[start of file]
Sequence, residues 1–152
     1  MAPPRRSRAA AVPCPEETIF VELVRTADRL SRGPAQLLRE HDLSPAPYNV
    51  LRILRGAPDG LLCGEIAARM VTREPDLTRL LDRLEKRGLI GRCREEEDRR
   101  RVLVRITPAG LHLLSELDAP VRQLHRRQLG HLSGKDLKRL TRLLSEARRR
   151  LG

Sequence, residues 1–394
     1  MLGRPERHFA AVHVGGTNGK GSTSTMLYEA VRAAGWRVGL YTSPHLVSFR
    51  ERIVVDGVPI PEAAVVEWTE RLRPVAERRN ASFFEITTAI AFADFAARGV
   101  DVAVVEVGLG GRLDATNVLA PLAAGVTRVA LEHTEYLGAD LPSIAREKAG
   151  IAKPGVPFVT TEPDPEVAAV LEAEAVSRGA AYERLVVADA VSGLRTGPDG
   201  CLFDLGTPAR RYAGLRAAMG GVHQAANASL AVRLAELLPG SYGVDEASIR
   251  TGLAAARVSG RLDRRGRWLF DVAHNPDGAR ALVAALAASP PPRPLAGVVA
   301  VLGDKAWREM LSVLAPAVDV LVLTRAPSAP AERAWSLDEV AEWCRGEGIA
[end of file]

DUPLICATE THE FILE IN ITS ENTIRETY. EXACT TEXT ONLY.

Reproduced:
Sequence, residues 1–152
     1  MAPPRRSRAA AVPCPEETIF VELVRTADRL SRGPAQLLRE HDLSPAPYNV
    51  LRILRGAPDG LLCGEIAARM VTREPDLTRL LDRLEKRGLI GRCREEEDRR
   101  RVLVRITPAG LHLLSELDAP VRQLHRRQLG HLSGKDLKRL TRLLSEARRR
   151  LG

Sequence, residues 1–394
     1  MLGRPERHFA AVHVGGTNGK GSTSTMLYEA VRAAGWRVGL YTSPHLVSFR
    51  ERIVVDGVPI PEAAVVEWTE RLRPVAERRN ASFFEITTAI AFADFAARGV
   101  DVAVVEVGLG GRLDATNVLA PLAAGVTRVA LEHTEYLGAD LPSIAREKAG
   151  IAKPGVPFVT TEPDPEVAAV LEAEAVSRGA AYERLVVADA VSGLRTGPDG
   201  CLFDLGTPAR RYAGLRAAMG GVHQAANASL AVRLAELLPG SYGVDEASIR
   251  TGLAAARVSG RLDRRGRWLF DVAHNPDGAR ALVAALAASP PPRPLAGVVA
   301  VLGDKAWREM LSVLAPAVDV LVLTRAPSAP AERAWSLDEV AEWCRGEGIA